first one egg appeared...
I tried my best to keep the blinds closed and leave them in peace but it was an ill fated spot for many reasons. Not long after this photo the mate was devoured by a hawk which Keith saw as he was coming home one afternoon. That evening we listened as the survivor called but got no familiar reply... and eventually abandoned the nest and it's two white eggs.
In the following days we watched for the lone dove out the windows. Out back I found that it found a new partner who was very attentive, they preened together in the cedar trees.
Then they started a new nest in the tree about ten feet from the old nest still holding the eggs abandoned and undisturbed.
It's close but not easy to photograph, the drama continues in that area each day. I took a short video of them early in the process of building that new nest.
In the backyard I hung the usual house wren house for the wrens I heard singing it's mating call back in early April. Now that house is full of twigs and when I went out to sit in the garden I noticed a mate has joined the male bird who built the nest and began adding her own grassy bed on top of the twigs.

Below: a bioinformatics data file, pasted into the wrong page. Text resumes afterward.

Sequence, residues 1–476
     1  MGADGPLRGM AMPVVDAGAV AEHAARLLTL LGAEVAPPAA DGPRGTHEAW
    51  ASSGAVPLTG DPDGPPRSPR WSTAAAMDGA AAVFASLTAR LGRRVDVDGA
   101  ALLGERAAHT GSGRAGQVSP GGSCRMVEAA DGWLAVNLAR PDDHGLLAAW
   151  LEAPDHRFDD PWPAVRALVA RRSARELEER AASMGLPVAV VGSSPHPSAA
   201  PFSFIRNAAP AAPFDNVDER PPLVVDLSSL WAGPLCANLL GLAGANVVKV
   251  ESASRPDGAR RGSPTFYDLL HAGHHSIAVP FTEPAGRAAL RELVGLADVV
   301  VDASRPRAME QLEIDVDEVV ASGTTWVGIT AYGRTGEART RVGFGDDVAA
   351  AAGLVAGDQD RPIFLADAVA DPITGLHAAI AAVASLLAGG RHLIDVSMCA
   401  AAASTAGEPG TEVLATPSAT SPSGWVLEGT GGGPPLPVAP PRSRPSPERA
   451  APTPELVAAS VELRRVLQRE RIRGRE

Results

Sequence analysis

Look closely you will see she has a fine sprig of grass in her beak and the big twigs hang out the bottom thru the air vents at the base of the house.
Behind me in the choke cherry tree which is beginning to flower another nest! This year, lets hope the cats or raccoons don't attack it, on a branch another dove is nesting and keeping a watchful eye on me in the garden.
It was a great spot that some robins built in last spring and raised a brood of three orange breasted babies.
Now all we need is a bunch of tent caterpillars to spin their nests in the native choke cherry tree to provide food to these babies that will soon arrive looking extremely hungry!